RC 44 Championship Tour, Match-race final results 2009:

(Ranking, name of team, points)

1) CEEREF, 13 points
2) No Way Back, 20 points
3) Organika, 24 points
4) Artemis, 27 points
5) BMW ORACLE Racing, 28 points
6) Islas Canarias Puerto Calero, 29 points
7) Team Aqua, 32 points
8) Katusha, 45 points
9) Team Sea Dubai, 45 points
10) Team Austria, 51 points
11) Jelik, 65 points

Wednesday, November 25, 2009

Reverse the October 27 Supreme Court decision...

Statement
Tom Ehman, Golden Gate Yacht Club Spokesperson


New York, NY, November 25, 2009 – In its continuing effort to host the 33rd America’s Cup in Ras Al Khaimah, today Société Nautique de Geneve asked the Appellate Division to reverse the October 27 Supreme Court decision which had declared RAK as non-compliant with the governing Deed of Gift.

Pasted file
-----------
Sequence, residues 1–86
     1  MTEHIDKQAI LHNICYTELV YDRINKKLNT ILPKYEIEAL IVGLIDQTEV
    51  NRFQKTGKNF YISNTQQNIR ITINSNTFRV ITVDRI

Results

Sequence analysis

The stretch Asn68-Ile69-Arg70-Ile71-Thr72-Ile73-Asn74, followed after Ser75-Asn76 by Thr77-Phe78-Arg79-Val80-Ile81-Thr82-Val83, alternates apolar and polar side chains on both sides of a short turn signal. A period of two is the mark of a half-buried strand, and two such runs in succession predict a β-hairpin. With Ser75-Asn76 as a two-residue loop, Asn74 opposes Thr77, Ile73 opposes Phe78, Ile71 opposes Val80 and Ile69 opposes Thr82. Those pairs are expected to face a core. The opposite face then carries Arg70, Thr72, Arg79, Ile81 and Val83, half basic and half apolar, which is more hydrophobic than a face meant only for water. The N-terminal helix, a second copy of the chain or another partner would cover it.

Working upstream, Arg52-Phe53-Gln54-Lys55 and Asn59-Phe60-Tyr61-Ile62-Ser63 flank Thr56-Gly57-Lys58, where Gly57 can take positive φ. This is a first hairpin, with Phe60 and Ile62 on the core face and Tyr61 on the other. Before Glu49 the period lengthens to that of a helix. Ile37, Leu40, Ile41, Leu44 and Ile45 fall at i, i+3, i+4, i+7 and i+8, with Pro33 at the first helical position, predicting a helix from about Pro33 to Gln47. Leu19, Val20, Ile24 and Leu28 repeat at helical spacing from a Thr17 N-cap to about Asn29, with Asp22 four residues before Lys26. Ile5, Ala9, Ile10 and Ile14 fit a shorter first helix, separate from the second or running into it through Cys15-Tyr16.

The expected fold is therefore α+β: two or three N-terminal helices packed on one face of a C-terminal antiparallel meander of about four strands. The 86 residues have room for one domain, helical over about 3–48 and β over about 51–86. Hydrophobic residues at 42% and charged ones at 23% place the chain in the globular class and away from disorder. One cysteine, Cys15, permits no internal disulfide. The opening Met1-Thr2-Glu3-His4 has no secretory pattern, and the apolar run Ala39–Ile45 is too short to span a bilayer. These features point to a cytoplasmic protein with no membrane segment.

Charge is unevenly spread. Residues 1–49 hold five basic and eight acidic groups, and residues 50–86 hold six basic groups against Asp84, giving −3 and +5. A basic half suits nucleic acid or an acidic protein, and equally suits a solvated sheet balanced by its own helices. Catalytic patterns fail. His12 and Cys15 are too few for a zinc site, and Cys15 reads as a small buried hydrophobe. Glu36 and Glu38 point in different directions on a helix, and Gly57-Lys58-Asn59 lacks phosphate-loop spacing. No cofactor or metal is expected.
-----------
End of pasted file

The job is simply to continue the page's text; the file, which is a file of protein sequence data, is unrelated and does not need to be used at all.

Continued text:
In recent weeks, SNG has publicly committed to Valencia as the venue, even while attempting to re-instate Ras Al Khaimah via appeal, as well as floating Australia as a possible venue.

Today SNG also requested that, if the Appellate Court does not reinstate RAK in February, the 33rd Match be delayed from February until May 2010. SNG argued that this was to allow it to choose a venue in the Northern Hemisphere that would be Deed- compliant even though both SNG and GGYC had previously agreed to Valencia by mutual consent.

Additionally, SNG asked the Appellate Court to reinstate SNG’s own peculiar measurement method that would include rudders in the crucial Length on Load Water-Line calculation. The effect of this abnormal practice, never before used in the America’s Cup, would be to disqualify GGYC’s yacht. The Supreme Court ruled against SNG’s measurement method last month.